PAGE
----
Monday, June 12, 2006

Butanol for Gasoline, Biodiesel for Diesel: Renewables Step Up

It takes time for a society that is dependent on petroleum fuels to convert to renewable fuels. Fortunately, the cost of petro-oil is high enough now to encourage the development of alternatives. Biodiesel from oil seeds can substitute for petro-diesel, and ethanol or butanol can substitute for gasoline.

Jim at the Energy Blog reports on the Green Star Biodiesel continuous processor biodiesel reactor.

GSPI Biodiesel Plants have the following competitive advantages:

* All plant design is modularized so additional capacity can be added at minimal cost.
* Speed of construction - plant can be placed in service in 14-16 weeks versus industry standard average of 14 to 18 months.
* Small footprint of plant because of its modularized "continuous flow waterless design" versus industry batch plant design, which also results in lower production and maintenance costs.
* Minimum plant management and operations staff required because plant is automated.
* Proven technology - Industrial size plant operated and produced biodiesel for over three years in Bakersfield, California.
* Minimal permits required from regulatory agencies. Plant requires no wastewater permit, which could take up to one year to obtain and minimum air quality permits.
* The plant design is very energy efficient and reduces energy requirements by over 30% of industry average.
* Lower capital costs by at least 40% compared to biodiesel industry standards. (between $.80 cents per gallon to a high of $1.25 per installed gallon for conventional biodiesel plants)
* Plants require 30 to 40% less energy (increased efficiency) to run motors and pumps.
* Faster achievement of positive cash flow is due to a much shorter time frame to complete construction and permitting.

Since GSPI's Continuous Flow Biodiesel Production (CFBP) system is completely enclosed and waterless, it greatly reduces the time to secure construction permits, which can take a year or longer to obtain. Mr. LaStella, President of GSPI, points out that California is probably the toughest state to obtain air and water discharge permits. Recently, the GSPI CFBP system received the permits to construct a biodiesel plant in California in only eight weeks. Since many cities and towns across the U.S. do not have the expertise to evaluate new biodiesel plants being built in their jurisdiction, they have welcomed the California permit package to save them the need to research this emerging biodiesel technology and save GSPI the time to receive these valuable permits.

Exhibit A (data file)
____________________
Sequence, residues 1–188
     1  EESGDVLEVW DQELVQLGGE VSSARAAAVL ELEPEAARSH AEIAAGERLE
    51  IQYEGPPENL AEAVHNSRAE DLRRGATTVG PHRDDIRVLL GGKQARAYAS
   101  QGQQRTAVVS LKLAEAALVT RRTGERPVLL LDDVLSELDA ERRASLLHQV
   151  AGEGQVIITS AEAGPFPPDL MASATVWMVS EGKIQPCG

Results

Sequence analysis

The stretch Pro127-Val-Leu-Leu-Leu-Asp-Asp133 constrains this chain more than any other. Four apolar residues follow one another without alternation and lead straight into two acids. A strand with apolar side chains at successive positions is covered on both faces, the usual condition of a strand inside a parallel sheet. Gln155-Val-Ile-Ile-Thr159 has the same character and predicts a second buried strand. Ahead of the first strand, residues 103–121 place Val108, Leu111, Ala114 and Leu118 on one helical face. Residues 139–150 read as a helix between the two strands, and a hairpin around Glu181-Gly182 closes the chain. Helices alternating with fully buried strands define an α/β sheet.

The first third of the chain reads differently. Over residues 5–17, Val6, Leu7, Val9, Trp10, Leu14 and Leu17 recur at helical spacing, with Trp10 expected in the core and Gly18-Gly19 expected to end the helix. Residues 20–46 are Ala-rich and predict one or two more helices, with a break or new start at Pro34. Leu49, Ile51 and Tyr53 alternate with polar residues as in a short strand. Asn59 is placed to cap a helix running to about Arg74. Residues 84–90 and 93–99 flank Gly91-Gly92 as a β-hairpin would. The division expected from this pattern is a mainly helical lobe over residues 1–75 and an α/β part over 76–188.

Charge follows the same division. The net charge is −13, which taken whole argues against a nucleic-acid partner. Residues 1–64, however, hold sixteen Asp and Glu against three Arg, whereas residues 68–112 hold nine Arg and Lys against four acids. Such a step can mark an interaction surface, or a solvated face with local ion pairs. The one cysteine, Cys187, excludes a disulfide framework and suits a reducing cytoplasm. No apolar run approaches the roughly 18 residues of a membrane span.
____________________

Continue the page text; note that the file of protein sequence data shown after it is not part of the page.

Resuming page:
The basic production cost to build the reactors has been reduced to only $30,000 per 10-million GPY reactor module. Smaller units will cost even less. This will significantly reduce the costs and time to build biodiesel plants. The prefabricated reactors make it possible to construct plants within 14-18 weeks versus the 14-18 months that is typical for conventional plants. The balance of the infrastructure--which includes land, building, electrical, storage facilities, railroad access and final cleanup of biodiesel--will still be required.
More at the source.

Renewable liquid fuels are carbon neutral in terms of the carbon cycle. Whatever CO2 that is released by burning the fuel is later re-absorbed from the atmosphere in the plant that produces the oil seeds.

The same applies to the use of ethanol or butanol for gasoline replacement, as long as the ethanol comes from a renewable source. The hare-brained idea to produce ethanol from coal should be stuffed down the garbage chute.

Butanol is much preferable to ethanol as a liquid gasoline replacement, due to better burning characteristics and much lower corrosion potential. Unfortunately, the microbiological infrastructure for efficiently fermenting butanol is far behind the ethanol micro-infrastructure by thousands of years. I expect significant progress from microbiologists on that front, however.

There is tremendous potential for efficient use of agriculture to produce liquid fuel replacements for petrofuels. Using oil seeds for biodiesel, then using the byproducts from biodiesel to produce ethanol, and finally using the cellulosic waste from the plant itself to ferment either ethanol or butanol. Then, there is always the pig factor, which has the advantage of producing "the other white meat" as well as fuel.

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